Cannitrol – Cannabis Control Agent

Marijuana news from around the world

Life off-grid in San Luis Valley’s high desert takes skills that few arrive with

SAGUACHE COUNTY — Rodney Cook’s high-desert property is littered with the stripped carcasses of worn machines, whose parts were scoured to power devices that sustain the lives of a dozen family members living in a harsh landscape near Hooper

To provide heat during winters, when temperatures often fall below 10 degrees overnight, he makes a 60-mile round trip to the mountains, where he cuts wood to feed stoves that heat homes and cook food.

“We burn about 25 cords of firewood a year,” he said. “I don’t know if this is for everybody out here. It’s not easy.”

The land sits on a table-top stretch of the San Luis Valley, a patchwork-quilt of arid desert and irrigated green farmland almost 8,000 feet above sea level.

Mountains carve the sky in all directions, and the promise of cheap land and life beyond the confines of civilization lures many. It is dream land beyond the reach of electricity and other infrastructure considered necessary by most.

In his 10 years here, Cook, 53, has seen many people come and go.

Much of the land was platted years ago for subdivisions that were never built.

“There is land to be had in these kind of funky subdivisions that were created in the 1980s, and never really took off,” Saguache County Commissioner Jason Anderson said.

Anderson, who lives in the town of Saguache in a hay-bale home powered by solar panels, estimates that only about 30 percent of those who move to the desert have the skills needed to make a go of it.

“There is this kind of ‘Little House on the Prairie’ fantasy. Show up in September, and it’s just great. There is great land, it’s cheap, you’re with your girlfriend. Then the winter comes, and you haven’t gotten much done,” Anderson said. “We joke that this is where relationships come to die.”

Some stick it out for a while. They get a structure and a wood stove but eventually give up, leaving behind crumbling reminders of their effort. Others squat for the summer, then leave in the winter, returning with the warm weather.

Many arrive hoping to cash in on the state’s cannabis rush. “(They build) three greenhouses and live in a storage container,” Anderson said. “All the money went into the greenhouses because they’re going to make a million off marijuana.”

Cook, who advertises his land to potential tenants on an off-grid living website, shares the property with another family and a man who lives alone. The two parties each pay Cook $250 a month in rent to have their trailers on his 40 acres of land.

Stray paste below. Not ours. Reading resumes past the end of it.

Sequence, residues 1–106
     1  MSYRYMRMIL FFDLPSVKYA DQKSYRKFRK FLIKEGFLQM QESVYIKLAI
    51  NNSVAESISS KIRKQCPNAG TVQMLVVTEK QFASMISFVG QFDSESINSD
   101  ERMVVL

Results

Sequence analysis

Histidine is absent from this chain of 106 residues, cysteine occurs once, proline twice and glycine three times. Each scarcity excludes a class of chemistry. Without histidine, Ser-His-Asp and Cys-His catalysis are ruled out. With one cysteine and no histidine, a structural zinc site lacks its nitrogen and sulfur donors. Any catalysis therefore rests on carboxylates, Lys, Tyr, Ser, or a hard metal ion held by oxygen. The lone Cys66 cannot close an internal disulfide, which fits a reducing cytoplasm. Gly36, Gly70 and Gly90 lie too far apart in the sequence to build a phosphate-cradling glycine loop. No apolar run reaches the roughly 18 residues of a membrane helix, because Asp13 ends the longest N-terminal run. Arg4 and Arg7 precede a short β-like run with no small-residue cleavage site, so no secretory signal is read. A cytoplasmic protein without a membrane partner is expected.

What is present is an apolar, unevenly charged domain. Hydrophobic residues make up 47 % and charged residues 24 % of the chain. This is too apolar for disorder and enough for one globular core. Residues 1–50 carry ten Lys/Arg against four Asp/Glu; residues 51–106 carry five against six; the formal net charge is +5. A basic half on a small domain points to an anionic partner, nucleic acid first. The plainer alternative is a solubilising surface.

His tenant family — a couple and their two sons — moved to Cook’s property from nearby Costilla County after that county took steps to control an influx of people moving onto desert properties without the resources to develop them.

The county made it illegal for owners to camp on their land longer than two weeks, whether in a trailer or a tent, without showing that they were building a permanent structure.

Cook said his tenants had paid for the land they couldn’t use.

“A lot of the folks who don’t want to comply are going elsewhere in the valley, especially Saguache and Alamosa (counties),” Costilla County administrator Ben Doon said. “As long as they get their septic system and building permit, we leave them alone.”

The tiny community that has sprung up on Cook’s property is self-sufficient, with members helping one another to survive.

Residents share food and labor. When he travels to the mountains to cut wood, his son-in-law and a tenant help to bring down and transport the lumber.

Cook shakes his head as he describes a previous group of tenants who moved in and then did little more than get stoned.

He kicked them out.

Members of the Cook family head ...

Joe Amon, The Denver Post

Members of the Cook family head home with a bed full of hay spilled from one of the commercial farms nearby, July 29, 2017 near Hooper. The closest paved roads are three miles away and the others are much further.

Cook and his wife, Kalin, 54, live with a daughter, four grandchildren and a niece in two trailers joined together — the cramped interior dark and crowded with necessities of their lives.